The Reverend John Besley DCL
From Tiverton in Devon, the son of the local mayor, Besley was a talented and charismatic man, educated at Balliol College (Oxford University) and always destined for a successful career in the church. After working in a prestigious but rather poorly paid role as librarian at the world famous Bodleian Library in Oxford, he was ‘presented by his college’ to the living at Longbenton near Newcastle in the north of England and finally had a vicar’s salary that allowed him to marry Eliza Kennedy, Georgiana’s elder sister. Eliza died at the vicarage in March 1834 after less than five years of marriage. Besley married again two years later.
Elizabeth Margaret Kennedy, Georgiana’s elder sister
(With grateful thanks to Mrs Dorothy M Blaasch née Richardson-Bunbury)
Photograph © Mike Rumble
Besley’s second wife was Frances, the widow of Robert Bint of Mount Stone, an elegant house in the Stonehouse area of Plymouth in Devon. Now a listed building of historical interest, the house was built into the steep sides of a former quarry. Mr Bint had been the steward of the Earl of Edgcumbe and like Eliza he died in 1834. Bint left his widow the house, paintings, wine, silver and his pew in the local chapel as well as enough money to keep her very comfortable. She was wealthy enough to build eight ‘almshouses’ to provide housing for local widows, donating the finances for their clothes and weekly coal, candles and bread as well as Bibles and prayer books.
The new ‘Reverend and Mrs Besley’ must have been financially able to maintain both homes and their servants because in 1841 they were living at Besley’s vicarage in Longbenton. On the evening of the 1851 census Frances was at the house in Plymouth, with four servants. She died there in January 1861 at the age of 69.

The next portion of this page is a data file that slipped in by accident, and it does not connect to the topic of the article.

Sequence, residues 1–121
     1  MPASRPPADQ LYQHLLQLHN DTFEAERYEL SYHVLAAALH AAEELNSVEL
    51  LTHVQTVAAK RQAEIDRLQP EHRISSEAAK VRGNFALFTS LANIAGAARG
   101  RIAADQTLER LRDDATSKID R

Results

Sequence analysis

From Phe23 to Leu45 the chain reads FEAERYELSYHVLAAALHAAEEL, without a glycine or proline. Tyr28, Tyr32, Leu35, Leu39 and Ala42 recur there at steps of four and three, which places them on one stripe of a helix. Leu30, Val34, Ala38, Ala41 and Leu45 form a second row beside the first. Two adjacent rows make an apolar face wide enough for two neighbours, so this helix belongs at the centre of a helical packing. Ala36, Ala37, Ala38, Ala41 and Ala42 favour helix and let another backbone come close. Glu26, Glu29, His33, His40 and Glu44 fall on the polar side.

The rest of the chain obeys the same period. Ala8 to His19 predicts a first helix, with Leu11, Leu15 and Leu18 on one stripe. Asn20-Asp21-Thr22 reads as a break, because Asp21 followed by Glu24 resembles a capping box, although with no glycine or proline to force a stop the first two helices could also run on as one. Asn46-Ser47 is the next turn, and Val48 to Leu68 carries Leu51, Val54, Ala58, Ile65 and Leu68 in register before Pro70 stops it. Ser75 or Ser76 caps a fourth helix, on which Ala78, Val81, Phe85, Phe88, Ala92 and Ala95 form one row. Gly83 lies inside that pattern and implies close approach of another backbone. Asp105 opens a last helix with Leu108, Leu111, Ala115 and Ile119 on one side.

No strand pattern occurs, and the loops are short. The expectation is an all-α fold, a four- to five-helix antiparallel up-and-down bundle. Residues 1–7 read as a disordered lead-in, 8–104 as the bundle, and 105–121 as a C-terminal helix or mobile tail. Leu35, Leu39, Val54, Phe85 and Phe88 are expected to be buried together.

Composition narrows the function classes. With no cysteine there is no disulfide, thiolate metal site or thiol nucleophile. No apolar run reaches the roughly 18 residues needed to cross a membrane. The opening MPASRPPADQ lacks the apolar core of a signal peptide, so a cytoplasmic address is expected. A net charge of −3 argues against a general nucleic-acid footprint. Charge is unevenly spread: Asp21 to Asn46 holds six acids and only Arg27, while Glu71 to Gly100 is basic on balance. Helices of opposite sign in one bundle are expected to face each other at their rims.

Three years later, in 1864, Besley married for a third time, once again to a lady with considerable personal capital. Charlotte Peach was 43 and single. Besley was 62. They were married at All Souls Church in Langham Place, London where she was staying at the rectory. By a remarkable coincidence, this was the church where Georgiana Molloy attended a service while staying in London just before she boarded the ship that brought her to Western Australia.
Charlotte’s father was George Peach of Dorset. Since her father’s death she had been managing the family home at Milbrook, Child Okeford, living there with her younger sister and their five servants: a coachman, a dairymaid, a lady’s maid, a cook and a housemaid. George Peach was a military doctor who, like John Molloy, had fought in the Peninsular War and when he died twelve years before Charlotte married Besley, he was a wealthy man. Charlotte had inherited enough to give her a very comfortable life; in the 1861 census she is listed as the head of the household, a ‘landed proprietor’.
John Besley died on 17 April 1868 at the age of 68, after more than thirty years as vicar of the church in Longbenton, Northumberland. The 1881 census shows that his widow Charlotte was living in Sidbrooke House, West Monkton, Somerset near her childhood home, with Besley’s niece and, once again, she was a ‘landed proprietor’ with four servants. Charlotte died there in August 1895, leaving a considerable estate of nearly £18,000.